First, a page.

Format

Send to

Choose Destination
See comment in PubMed Commons below
Curr Biol. 2001 Mar 6;11(5):339-44.

Plexin-B semaphorin receptors interact directly with active Rac and regulate the actin cytoskeleton by activating Rho.

Author information

1
MRC Laboratory for Molecular Cell Biology, Department of Biochemistry and Molecular Biology, University College London, London, WC1E 6BT, United Kingdom.

Abstract

Semaphorins and their receptors, plexins, are widely expressed in embryonic and adult tissues. In general, their functions are poorly characterized, but in neurons they provide essential attractive and repulsive cues that are necessary for axon guidance [1-3]. The Rho family GTPases Rho, Rac, and Cdc42 control signal transduction pathways that link plasma membrane receptors to the actin cytoskeleton and thus regulate many actin-driven processes, including cell migration and axon guidance [4-7]. Using yeast two-hybrid screening and in vitro interaction assays, we show that Rac in its active, GTP bound state interacts directly with the cytoplasmic domain of mammalian and Drosophila B plexins. Plexin-B1 clustering in fibroblasts does not cause the formation of lamellipodia, which suggests that Rac is not activated. Instead, it results in the assembly of actin:myosin filaments and cell contraction, which indicates Rho activation. Surprisingly, these cytoskeletal changes are both Rac and Rho dependent. Clustering of a mutant plexin, lacking the Rac binding region, induced similar cytoskeletal changes, and this finding indicates that the physical interaction of plexin-B1 with Rac is not required for Rho activation. Our findings that plexin-B signaling to the cytoskeleton is both Rac and Rho dependent form a starting point for unraveling the mechanism by which semaphorins and plexins control axon guidance and cell migration.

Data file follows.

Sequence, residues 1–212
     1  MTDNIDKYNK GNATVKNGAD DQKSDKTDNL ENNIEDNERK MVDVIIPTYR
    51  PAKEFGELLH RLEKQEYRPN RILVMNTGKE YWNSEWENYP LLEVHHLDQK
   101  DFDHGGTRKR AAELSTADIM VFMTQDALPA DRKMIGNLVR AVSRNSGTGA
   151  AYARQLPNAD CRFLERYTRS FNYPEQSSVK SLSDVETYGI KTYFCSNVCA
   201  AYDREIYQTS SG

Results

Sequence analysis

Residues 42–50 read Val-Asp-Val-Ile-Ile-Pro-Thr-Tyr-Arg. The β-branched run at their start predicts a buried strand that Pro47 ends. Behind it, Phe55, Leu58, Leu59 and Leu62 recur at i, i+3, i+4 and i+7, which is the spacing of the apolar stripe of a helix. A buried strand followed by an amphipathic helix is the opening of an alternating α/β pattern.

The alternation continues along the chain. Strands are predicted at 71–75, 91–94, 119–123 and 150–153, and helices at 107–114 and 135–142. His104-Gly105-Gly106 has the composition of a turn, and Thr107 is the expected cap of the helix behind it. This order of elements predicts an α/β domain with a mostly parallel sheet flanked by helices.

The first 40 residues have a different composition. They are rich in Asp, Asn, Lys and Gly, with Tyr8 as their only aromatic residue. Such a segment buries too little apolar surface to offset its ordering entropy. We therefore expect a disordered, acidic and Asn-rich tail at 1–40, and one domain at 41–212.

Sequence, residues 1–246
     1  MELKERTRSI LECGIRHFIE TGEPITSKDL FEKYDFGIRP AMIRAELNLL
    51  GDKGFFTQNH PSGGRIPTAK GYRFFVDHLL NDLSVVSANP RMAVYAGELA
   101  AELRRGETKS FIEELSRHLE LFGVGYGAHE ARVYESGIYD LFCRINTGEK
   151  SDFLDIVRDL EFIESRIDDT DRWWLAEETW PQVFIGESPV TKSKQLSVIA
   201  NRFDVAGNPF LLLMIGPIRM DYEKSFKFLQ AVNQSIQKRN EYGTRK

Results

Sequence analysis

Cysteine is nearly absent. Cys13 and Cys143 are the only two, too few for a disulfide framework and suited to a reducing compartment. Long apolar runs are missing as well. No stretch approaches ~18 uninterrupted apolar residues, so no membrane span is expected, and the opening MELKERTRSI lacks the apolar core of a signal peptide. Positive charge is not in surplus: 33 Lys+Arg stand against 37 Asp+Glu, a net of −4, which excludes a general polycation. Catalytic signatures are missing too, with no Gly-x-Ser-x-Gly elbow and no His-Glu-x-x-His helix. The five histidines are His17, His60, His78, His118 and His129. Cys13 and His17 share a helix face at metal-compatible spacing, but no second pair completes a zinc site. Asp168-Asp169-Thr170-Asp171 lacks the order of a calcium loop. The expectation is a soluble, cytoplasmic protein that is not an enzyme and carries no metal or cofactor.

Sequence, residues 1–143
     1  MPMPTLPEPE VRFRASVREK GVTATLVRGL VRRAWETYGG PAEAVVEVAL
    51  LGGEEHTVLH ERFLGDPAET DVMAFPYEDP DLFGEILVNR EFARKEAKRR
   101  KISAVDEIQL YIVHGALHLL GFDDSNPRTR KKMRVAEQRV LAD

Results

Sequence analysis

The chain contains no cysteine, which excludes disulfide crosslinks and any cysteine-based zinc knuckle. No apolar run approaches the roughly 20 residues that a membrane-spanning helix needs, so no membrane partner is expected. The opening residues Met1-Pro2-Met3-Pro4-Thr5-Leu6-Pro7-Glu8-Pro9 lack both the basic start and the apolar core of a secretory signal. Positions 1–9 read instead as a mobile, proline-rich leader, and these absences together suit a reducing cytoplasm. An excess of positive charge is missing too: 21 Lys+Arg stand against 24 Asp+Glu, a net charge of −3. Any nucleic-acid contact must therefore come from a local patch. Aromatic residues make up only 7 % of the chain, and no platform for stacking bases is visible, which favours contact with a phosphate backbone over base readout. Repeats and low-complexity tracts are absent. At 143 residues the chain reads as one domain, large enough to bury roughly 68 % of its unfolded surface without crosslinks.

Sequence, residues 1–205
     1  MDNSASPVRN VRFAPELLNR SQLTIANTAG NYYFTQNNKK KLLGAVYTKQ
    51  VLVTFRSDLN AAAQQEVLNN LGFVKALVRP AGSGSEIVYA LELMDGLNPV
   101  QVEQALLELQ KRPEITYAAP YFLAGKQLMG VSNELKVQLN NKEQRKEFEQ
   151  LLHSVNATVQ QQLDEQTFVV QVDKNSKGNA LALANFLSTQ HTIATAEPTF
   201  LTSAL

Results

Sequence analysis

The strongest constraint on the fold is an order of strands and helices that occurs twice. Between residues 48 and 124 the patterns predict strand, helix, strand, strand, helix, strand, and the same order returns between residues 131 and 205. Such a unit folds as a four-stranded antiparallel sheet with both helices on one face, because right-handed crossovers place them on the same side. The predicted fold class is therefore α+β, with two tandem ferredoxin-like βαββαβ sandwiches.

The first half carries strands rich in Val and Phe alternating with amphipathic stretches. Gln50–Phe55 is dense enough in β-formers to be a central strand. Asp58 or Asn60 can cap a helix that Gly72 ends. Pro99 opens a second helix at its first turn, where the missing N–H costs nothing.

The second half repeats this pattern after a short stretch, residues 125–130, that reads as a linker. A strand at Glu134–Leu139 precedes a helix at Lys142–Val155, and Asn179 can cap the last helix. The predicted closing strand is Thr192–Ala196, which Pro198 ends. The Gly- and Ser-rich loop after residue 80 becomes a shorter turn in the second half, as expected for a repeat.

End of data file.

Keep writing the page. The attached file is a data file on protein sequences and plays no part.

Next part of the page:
PMID:
11267870
[Indexed for MEDLINE]
Free full text
PubMed Commons home

PubMed Commons

0 comments
How to join PubMed Commons

    Supplemental Content

    Full text links

    Icon for Elsevier Science
    Loading ...
    Support Center